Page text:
There are many other reasons too, why "disease progression" per se should not equate in the minds of physicians with "failure of Gleevec" (and should not lead to discontinuation of Gleevec dosing as a knee-jerk reaction). First, our patients in the initial research clinical trial had typically very very large bulky disease. We do not know how that relates to patients who start Gleevec with smaller burdens of disease (now that physicians are screening patients for GIST recurrences, we hopefully will catch these earlier before the recurrent tumors grow to massive, less manageable sizes). We believe, and we have some data to back this up, that GIST patients with smaller tumors may have longer disease control on Gleevec without disease progression than those who have huge, bulky tumors. That makes sense, really, too, from the standpoint of common sense.
There are many other things we have learned about this disease as well that are making us re-examine all sorts of "conventional wisdom" in oncology that was derived from the study of chemotherapy in the 1970's! However, this is a capsule summary of the situation at this time.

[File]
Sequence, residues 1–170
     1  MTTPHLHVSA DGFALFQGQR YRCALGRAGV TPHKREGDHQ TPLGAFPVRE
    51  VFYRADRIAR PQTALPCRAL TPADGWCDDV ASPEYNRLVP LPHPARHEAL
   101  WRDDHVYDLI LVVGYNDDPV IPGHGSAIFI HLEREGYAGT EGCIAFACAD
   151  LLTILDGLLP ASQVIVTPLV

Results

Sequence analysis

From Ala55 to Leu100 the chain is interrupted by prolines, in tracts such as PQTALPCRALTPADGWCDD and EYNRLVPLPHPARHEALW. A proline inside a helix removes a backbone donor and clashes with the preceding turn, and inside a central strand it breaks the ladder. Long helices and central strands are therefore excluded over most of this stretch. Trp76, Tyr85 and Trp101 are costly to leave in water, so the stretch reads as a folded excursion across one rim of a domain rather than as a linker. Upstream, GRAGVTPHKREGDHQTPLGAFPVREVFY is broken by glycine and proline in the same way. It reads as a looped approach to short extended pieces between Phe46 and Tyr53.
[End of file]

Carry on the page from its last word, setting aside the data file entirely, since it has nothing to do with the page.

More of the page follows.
I hope this helps to explain some of the complexities and the controversies. There is no doubt but that it is accurate to say that the current clinical trial data indicates that some sort of disease progression will likely occur in about 75% of patients with metastatic, bulky GIST after about 3 years of therapy on Gleevec. However, it is important to recognize that such patients still have hope to continue living good quality lives with disease control if their care team implements a multidisciplinary care plan which might include surgery or other modality to control what may be only a tiny area of resistant GIST while the rest of the bulky tumor burden remains controlled by continuing the Gleevec. We have seen PET scans as an incredibly useful tool to get at this issue, and that is but one reason why we have formally filed paperwork with the government (the CMS) requesting that they formally approve CMS coverage of PET scanning for patients with GIST to help us evaluate the disease with the most appropriate and medically useful technology.